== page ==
Routt County schools receive grant to help fight obesity | SteamboatToday.com

Routt County schools receive grant to help fight obesity

Routt County organizations working together to promote healthy living

Jack Weinstein

— Local school officials say a grant awarded to Routt County will help them institute new programs that encourage physical fitness and healthy eating. They say those in turn will make local students better learners.

LiveWell Colorado, a Denver nonprofit group, recently gave the county a $150,000 grant intended to reduce obesity and help residents live healthy lives. It's the second year of a seven-year grant that will provide more than $1 million to the county, said Barb Parnell, community coordinator for LiveWell Northwest Colorado, which was formed by the Northwest Colorado Visiting Nurse Association to receive and allocate the grant funding.

Parnell said Colorado is touted as the leanest state in the United States, which is true for adults, but not necessarily for children.

According to "The Weight of the State," a 2009 report on Colorado's overweight and obesity trends conducted by the state Department of Public Health and Environment, 13.6 percent of the state's 2- to 14-year-olds were obese.

A 2007-08 study posted on the Journal of the American Medical Association's website indicated that obesity rates nationally tripled to 19.6 percent among children ages 6 to 11 since 1980.

Parnell said Colorado is following national trends.

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"Kids are becoming more and more overweight," she said.

She said the funding provided by LiveWell Colorado would combat that. Parnell said Routt County schools would receive money to buy Fitness Gram software.

Soda Creek Elementary Sch­ool physical education teacher Shannon Carlin recently attended a workshop of P.E. teachers and nutritional service directors for each of the county's school districts.

Carlin said the Fitness Gram software, which has been ordered, would allow her to conduct fitness tests and compare Soda Creek students with national averages. She said the tests would measure flexibility, cardiovascular health and muscular strength.

Each Routt County school is pushing to increase physical activity time, Carlin said. She said the schools also are discussing the possibility of moving recess before lunch, based on studies indicating that children learn more effectively if they exercise before they eat.

"It's part of building the whole child, especially in this country with obesity rates skyrocketing," she said. "Early intervention is huge."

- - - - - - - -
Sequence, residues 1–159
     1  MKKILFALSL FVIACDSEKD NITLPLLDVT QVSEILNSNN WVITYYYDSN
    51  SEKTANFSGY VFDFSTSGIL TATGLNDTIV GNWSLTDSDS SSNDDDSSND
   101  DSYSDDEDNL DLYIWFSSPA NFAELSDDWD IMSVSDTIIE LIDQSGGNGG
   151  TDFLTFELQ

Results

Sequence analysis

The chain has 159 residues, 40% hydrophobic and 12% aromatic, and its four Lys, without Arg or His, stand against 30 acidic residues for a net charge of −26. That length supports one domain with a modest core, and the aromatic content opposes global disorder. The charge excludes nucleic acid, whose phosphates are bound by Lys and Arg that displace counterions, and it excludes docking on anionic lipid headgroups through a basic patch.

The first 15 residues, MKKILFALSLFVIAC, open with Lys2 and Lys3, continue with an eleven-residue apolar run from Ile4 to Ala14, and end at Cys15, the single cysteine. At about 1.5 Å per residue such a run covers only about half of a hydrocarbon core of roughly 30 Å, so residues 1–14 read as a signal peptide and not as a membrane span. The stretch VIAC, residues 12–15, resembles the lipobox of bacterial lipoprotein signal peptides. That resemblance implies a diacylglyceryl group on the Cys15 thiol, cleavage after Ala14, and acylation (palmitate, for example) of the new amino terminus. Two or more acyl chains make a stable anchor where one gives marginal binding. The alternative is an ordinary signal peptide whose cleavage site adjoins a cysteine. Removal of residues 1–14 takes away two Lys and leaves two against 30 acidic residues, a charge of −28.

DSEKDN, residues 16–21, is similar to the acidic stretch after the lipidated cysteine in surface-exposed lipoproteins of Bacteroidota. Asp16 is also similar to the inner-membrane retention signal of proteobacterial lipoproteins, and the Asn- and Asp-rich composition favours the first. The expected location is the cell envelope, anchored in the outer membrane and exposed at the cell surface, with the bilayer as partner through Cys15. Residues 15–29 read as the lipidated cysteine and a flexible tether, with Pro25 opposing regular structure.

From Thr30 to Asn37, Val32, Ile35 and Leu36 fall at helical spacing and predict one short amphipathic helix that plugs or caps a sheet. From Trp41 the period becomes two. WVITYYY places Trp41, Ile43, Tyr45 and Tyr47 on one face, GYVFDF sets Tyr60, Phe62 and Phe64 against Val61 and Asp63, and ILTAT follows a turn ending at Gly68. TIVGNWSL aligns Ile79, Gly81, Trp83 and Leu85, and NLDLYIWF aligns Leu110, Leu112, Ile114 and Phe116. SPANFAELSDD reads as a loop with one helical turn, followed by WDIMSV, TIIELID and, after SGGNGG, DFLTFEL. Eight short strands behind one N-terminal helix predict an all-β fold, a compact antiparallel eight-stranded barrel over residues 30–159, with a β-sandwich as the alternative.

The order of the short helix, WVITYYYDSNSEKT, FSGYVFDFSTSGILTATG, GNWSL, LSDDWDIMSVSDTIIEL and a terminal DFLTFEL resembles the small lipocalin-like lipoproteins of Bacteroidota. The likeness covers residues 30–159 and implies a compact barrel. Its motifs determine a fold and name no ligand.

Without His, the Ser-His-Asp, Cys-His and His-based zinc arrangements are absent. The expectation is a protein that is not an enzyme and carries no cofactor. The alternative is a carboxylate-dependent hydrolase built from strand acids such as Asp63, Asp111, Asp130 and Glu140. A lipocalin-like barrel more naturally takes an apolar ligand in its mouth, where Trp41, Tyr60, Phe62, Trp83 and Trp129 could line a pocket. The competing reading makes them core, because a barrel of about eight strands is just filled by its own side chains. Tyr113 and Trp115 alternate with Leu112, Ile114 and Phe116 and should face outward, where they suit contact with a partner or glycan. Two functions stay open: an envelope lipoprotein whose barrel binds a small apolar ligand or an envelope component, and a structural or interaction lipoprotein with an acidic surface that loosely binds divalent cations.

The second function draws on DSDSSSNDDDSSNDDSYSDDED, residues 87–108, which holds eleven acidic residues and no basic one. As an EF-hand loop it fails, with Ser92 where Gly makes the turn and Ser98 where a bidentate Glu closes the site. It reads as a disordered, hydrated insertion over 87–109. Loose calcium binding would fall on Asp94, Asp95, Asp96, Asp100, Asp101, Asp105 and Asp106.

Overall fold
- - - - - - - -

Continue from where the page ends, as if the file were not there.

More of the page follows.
To increase fitness in South Routt, Cindy Meade, the district's school nurse, said she has requested funding to institute a staff wellness program. Meade, who attended the same workshop as Carlin, wants to buy pedometers that can be issued to staff to encourage additional physical fitness. Meade said she hopes the increased physical activity of the staff would trickle down to the students.

Meade said healthier children are better learners. And she said the younger children are, the easier it is to teach better habits.

"If we encourage and teach children lifelong skills: staying in shape, eating well, exercising and having fun, we're helping kids become better adults," she said.

Steve Carlson, nutritional services director for the Hayden School District, also attended the workshop. Carlson, who has incorporated healthy lunch choices since he took the job late in the 2008-09 school year, said he has requested funding to buy new equipment for his kitchen.

He said that much of his equipment is old or inadequate and that new equipment would aid in his quest to promote healthy choices to students at an early age.

"It will just open up an array of possibilities for us as far as offering healthy food and fresh food," he said.

In addition to the funding provided to the schools, Parnell said the grant has helped pay for community gardens. She said it would pay to study the feasibility of a Routt County Community Food Cooperative and develop a low-cost or no-cost wellness resource guide for businesses.

Parnell said future goals include extending the Yampa River Core Trail, in addition to projects planned for Hayden and Oak Creek.

"It links to the broad quality of life (issues) in all the communities," Diane Mitsch Bush, county commissioner and chairwoman of the LiveWell Northwest Colorado Steering Committee, said about the grant. "It affects education infrastructure, physical and social (aspects) to help us to be a healthier community."

Supporters of LiveWell

■ Northwest Colorado Visiting Nurse Association

■ Routt County Extension Office

■ Hayden Parks and Recreation Department

■ Steamboat Springs Parks, Open Space and Recreational Services Department

■ Yampa Valley Medical Center

■ First Impressions of Routt County

■ Routt County school districts

■ Steamboat Springs Chamber Resort Association

■ Steamboat Ski and Resort Corp.

■ City of Steamboat Springs

■ Town of Hayden

■ Town of Oak Creek

■ Routt County

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